"It bothered me in a way it doesn't on flat screens even, because they're doing it with their hands in physical presence."
Since the days of "Doom" and "Duke Nukem," parents have worried about bloody video games turning their children violent. Now, they might have to worry about virtual reality gore and dismemberment as well.
At least that’s the case with some parents who got their kids VR headsets this past Christmas, like Allen Roach, who told CNN that he became concerned when his 11-year-old son Peyton began slicing off the limbs of his enemies in the VR game "Blade & Sorcery."
"It bothered me in a way it doesn't on flat screens even, because they're doing it with their hands in physical presence," the father told the broadcaster. He later stopped allowing all of his children from playing the game on their Oculus Quest 2 headset.
Brave New World
The Roach family’s experience is one echoed by households all over the world as more and more kids have access to VR headsets and gaming.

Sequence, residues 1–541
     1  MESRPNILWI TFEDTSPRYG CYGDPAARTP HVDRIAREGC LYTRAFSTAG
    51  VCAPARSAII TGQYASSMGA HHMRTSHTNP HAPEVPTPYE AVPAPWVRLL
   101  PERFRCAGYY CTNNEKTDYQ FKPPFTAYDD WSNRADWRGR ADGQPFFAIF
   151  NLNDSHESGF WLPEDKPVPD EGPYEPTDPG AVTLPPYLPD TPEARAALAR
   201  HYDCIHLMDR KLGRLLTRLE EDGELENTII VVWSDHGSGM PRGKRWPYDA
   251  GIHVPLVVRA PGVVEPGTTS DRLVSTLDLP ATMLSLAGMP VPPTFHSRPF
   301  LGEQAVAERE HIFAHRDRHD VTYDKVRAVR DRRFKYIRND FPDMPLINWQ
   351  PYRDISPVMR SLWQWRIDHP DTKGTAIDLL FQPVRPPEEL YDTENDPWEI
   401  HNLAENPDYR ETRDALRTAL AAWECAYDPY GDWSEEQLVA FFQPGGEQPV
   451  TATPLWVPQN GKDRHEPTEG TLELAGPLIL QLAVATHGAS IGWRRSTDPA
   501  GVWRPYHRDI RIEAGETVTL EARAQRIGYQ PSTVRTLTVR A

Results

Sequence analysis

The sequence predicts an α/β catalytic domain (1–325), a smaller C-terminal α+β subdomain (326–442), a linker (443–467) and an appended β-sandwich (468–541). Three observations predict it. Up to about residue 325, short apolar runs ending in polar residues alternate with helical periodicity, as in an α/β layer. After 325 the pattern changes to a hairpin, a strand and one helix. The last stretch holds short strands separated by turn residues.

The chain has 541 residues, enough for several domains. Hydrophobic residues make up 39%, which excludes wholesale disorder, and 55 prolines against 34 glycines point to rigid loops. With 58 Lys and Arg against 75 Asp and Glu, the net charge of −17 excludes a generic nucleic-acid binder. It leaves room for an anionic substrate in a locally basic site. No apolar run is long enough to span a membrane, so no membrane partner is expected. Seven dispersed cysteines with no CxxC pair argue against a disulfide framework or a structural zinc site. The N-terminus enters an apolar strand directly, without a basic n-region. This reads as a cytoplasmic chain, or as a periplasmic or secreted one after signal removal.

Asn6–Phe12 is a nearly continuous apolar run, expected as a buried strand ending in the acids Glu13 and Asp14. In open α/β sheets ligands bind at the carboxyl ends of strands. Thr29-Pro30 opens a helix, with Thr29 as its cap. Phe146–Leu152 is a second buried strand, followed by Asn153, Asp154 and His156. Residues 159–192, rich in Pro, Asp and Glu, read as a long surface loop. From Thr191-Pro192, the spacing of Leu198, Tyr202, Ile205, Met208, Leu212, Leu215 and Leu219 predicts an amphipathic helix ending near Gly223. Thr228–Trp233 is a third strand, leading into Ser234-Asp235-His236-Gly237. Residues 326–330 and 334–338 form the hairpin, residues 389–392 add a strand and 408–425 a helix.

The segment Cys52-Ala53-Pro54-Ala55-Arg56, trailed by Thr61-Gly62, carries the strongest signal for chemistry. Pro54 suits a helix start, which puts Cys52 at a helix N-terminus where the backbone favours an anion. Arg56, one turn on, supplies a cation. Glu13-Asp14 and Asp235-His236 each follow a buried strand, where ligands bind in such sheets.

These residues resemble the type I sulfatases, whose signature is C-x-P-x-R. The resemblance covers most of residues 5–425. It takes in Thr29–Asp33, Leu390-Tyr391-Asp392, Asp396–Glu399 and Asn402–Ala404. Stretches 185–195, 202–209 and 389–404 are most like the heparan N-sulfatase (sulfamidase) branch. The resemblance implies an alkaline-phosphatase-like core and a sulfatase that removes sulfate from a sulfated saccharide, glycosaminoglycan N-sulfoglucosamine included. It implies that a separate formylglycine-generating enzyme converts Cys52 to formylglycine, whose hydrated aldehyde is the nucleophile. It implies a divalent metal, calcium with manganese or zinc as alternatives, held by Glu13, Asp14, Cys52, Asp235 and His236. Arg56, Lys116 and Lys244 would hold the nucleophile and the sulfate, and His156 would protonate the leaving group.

While we’re still in the nascent stages of VR, it will undoubtedly grow in popularity as big companies begin to invest more and more resources to build the metaverse. This means that parents will have to contend with a new digital world that their kids will have access to.
Organizations such as the XR Safety Initiative, a children's’ safety advocacy group focused on VR and AR experiences, have already been formed to address the issues and concerns of parents.
"Things you see you can’t unsee," Kavya Pearlman, founder and CEO of the group, told CNN. She recommends that parents warn their kids against talking to strangers on VR, along with policing the apps available to their kids.
It’ll be interesting to see how parents react to the rise in VR — and how exactly it’ll impact children's’ development. If history is any indication, though, much of the fear-mongering around violence in video games turned out to be misplaced.
Though admittedly, we’d probably be disturbed if our kids were slicing the arms and legs off their enemies in grotesque ways too.
READ MORE: In VR, there are no rules, so parents are making up their own [CNN]
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